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Charles Ives: Sonata N° 2 for Violin and Piano
William Bolcom: Sonata N° 2 for Violin and Piano
John Corigliano: Sonata for Violin and Piano

Ching-Yi Lin (violin), Zachary Lopes (piano)
Recording: Van Meter Auditorium, Western Kentucky University, Bowling Green, Kentucky (May 2016) – 54’07
MSR Classics MS 1553 – Booklet in English

Combining piano with violin sets itself up for endless equations destined for answers with passages of clarity and chemistry. The notion holds true when hearing this Ching-Yi Lin/Zachary Lopes pairing which substantively congeals through ranges of tonal and atonal Americana. Open the CD and we find two Western Kentucky University faculty members doing what’s most critical: the ability to balance and play off each other to give compositions dimension and insight.

A variety of flavors fills this disc, beginning with Ives’ astringent, dysfunctional sounds. Ching-Yi Lin and Zachary Lopes have an innate connection by reading one another without giving it second thought: abruptly pulling back the tempo then wildly moving forward in full throttle. There’s simply no hesitation. Just as Ives lived a rather isolated life, so, too, was his music. Removed from “mainstream”, the music’s independence, however, might explain a certain uneventful reading.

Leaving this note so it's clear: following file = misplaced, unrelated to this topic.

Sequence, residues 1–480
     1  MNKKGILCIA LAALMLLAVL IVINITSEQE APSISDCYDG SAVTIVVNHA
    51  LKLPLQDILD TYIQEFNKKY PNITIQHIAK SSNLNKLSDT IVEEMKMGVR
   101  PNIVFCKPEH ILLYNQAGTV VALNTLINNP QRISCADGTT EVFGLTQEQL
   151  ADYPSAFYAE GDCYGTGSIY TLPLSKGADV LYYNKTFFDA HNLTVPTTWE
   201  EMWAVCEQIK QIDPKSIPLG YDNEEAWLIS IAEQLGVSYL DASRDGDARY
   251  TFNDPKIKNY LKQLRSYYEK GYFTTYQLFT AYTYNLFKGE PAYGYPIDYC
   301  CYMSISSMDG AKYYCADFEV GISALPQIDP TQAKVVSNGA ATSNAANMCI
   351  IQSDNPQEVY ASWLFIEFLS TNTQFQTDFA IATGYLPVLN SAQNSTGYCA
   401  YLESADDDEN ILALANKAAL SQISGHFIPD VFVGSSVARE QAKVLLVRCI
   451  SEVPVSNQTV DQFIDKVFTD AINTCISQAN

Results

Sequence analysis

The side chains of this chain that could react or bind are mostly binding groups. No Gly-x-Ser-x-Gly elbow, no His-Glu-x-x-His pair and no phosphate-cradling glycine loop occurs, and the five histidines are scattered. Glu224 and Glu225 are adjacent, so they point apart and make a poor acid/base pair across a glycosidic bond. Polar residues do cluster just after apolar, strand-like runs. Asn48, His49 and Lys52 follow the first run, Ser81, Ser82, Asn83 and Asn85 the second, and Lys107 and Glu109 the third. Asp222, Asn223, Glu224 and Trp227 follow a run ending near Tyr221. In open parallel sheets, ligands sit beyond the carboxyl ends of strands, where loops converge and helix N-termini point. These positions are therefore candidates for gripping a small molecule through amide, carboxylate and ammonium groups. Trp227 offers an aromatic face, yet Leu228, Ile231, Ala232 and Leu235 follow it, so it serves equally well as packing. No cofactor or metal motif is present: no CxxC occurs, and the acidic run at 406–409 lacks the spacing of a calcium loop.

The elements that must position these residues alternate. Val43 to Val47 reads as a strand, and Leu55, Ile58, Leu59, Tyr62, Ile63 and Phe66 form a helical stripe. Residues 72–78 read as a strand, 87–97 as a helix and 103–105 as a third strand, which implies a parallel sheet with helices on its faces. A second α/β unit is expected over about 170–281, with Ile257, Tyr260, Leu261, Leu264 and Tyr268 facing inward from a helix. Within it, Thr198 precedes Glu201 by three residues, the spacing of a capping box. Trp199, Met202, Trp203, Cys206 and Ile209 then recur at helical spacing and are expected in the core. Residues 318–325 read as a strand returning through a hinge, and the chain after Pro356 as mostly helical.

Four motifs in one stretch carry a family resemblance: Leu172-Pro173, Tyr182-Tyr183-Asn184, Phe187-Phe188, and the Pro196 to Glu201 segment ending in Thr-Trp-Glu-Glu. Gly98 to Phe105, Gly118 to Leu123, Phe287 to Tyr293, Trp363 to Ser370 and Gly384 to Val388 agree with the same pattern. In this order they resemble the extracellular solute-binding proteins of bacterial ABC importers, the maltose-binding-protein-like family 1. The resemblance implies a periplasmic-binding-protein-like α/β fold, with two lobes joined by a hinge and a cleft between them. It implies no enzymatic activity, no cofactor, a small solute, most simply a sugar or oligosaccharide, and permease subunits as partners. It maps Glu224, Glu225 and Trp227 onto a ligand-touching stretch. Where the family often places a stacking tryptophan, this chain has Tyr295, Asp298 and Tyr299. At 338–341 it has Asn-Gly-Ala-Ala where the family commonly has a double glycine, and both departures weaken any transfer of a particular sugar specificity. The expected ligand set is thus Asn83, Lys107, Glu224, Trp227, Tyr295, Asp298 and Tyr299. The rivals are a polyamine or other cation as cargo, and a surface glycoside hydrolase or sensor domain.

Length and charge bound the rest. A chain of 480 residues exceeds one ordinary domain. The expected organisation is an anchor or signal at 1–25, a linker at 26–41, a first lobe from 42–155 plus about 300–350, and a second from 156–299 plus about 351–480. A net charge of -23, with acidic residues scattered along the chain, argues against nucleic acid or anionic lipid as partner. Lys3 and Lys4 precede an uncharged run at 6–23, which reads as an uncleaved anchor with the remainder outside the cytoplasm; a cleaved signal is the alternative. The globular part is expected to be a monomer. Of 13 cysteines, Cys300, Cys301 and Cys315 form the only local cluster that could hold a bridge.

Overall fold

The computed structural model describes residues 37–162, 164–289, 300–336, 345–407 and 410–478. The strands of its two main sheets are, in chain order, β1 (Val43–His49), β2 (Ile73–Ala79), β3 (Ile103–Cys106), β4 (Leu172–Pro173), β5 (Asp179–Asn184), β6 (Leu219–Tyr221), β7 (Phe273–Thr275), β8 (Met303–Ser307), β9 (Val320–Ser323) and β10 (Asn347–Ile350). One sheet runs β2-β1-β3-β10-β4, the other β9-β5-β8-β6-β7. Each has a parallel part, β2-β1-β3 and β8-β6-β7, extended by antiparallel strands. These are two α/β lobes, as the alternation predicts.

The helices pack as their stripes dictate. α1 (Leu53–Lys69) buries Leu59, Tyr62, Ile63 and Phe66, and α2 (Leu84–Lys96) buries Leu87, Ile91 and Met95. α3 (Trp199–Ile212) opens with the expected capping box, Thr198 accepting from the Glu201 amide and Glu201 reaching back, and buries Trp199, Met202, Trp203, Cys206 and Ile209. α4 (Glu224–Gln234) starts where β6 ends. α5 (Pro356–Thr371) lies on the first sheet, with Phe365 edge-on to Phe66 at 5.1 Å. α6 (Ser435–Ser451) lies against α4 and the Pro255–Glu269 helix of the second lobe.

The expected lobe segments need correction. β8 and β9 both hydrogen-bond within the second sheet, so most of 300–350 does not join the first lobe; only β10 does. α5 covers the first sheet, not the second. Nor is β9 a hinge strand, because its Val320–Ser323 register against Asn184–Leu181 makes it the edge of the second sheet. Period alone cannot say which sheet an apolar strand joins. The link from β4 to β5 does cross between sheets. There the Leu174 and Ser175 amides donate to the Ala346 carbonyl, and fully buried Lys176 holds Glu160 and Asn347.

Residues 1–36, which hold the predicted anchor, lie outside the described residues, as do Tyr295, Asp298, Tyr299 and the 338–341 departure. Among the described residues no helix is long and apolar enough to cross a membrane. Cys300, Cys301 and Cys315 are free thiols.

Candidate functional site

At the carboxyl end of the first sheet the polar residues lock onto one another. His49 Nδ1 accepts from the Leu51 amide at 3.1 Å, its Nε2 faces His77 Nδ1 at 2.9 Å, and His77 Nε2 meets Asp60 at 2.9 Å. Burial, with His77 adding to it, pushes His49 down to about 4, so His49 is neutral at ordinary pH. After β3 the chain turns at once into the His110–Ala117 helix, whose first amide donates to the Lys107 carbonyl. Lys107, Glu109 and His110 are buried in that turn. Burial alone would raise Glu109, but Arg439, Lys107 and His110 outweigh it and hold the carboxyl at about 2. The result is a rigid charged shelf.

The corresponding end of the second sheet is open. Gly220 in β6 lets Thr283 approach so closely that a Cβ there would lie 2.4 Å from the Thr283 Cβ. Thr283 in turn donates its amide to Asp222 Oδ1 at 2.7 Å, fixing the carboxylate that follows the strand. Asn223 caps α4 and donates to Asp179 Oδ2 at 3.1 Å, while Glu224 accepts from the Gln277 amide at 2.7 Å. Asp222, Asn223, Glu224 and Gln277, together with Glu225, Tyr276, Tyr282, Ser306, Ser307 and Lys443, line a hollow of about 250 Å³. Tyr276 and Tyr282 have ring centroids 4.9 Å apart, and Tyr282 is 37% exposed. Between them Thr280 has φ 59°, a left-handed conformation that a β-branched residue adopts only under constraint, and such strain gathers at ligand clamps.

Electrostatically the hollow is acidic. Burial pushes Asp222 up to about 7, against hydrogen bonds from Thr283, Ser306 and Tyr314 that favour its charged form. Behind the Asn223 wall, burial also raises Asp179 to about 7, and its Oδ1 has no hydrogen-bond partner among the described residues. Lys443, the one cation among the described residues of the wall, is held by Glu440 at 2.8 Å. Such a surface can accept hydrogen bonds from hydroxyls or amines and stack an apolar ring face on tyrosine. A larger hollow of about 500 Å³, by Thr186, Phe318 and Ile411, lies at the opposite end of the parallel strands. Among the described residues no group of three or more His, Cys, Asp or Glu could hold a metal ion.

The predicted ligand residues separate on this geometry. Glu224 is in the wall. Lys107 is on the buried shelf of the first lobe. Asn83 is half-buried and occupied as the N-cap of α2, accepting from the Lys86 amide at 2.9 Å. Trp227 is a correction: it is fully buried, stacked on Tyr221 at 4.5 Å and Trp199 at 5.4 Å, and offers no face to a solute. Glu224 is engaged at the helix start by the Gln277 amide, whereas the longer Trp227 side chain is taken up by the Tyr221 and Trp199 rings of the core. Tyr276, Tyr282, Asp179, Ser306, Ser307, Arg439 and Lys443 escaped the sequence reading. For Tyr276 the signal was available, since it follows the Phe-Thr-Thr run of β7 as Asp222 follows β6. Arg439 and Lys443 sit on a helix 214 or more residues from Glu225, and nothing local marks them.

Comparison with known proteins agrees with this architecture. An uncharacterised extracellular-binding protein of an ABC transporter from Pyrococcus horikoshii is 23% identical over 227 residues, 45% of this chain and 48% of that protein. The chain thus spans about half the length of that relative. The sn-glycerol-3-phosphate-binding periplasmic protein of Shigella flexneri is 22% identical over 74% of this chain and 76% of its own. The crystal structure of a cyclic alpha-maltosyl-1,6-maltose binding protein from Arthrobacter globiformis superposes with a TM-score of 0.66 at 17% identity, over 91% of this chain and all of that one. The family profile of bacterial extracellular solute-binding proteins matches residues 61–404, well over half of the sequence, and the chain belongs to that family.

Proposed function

In contrast, when we turn the page to the Sonata N° 2 for Violin and Piano by William Bolcom, one ascertains a drive and passion through strings and keyboard. This catchy, complex, and oft-strident four movement piece is tendered beautifully. Ching-Yi Lin’s lines seem to vibrate more beautifully and possess a clearer line of vibrato. Textures abound Bolcom’s music, and Zachary Lopes elicits sparkling tinkles with twinkling finery. There’s a natural gait and groove, and it shines brightly.

Similar to Bolcom’s music, we find a relaxed, “at ease” mobility when arriving at John Corigliano. The maximum comfort level is achieved in this piece. We hear a shifting between popular and classical music, ablaze with fury and feistiness. Ching-Yi Lin’s levels of stringed expressions make a very indelible mark, particularly when encountering the “Lento.” The conclusive “Allegro” has demonstrative punctuality and energy...in short, “saving the best for last.” Excellent.

To fully appreciate this patchwork offering will require a couple of return visits to best appreciate all the quirkiness. Performances by Ching-Yi Lin and Zachary Lopes get better and better while channeling through the album in numerical sequence. Deserved exploration.

Christie Grimstad




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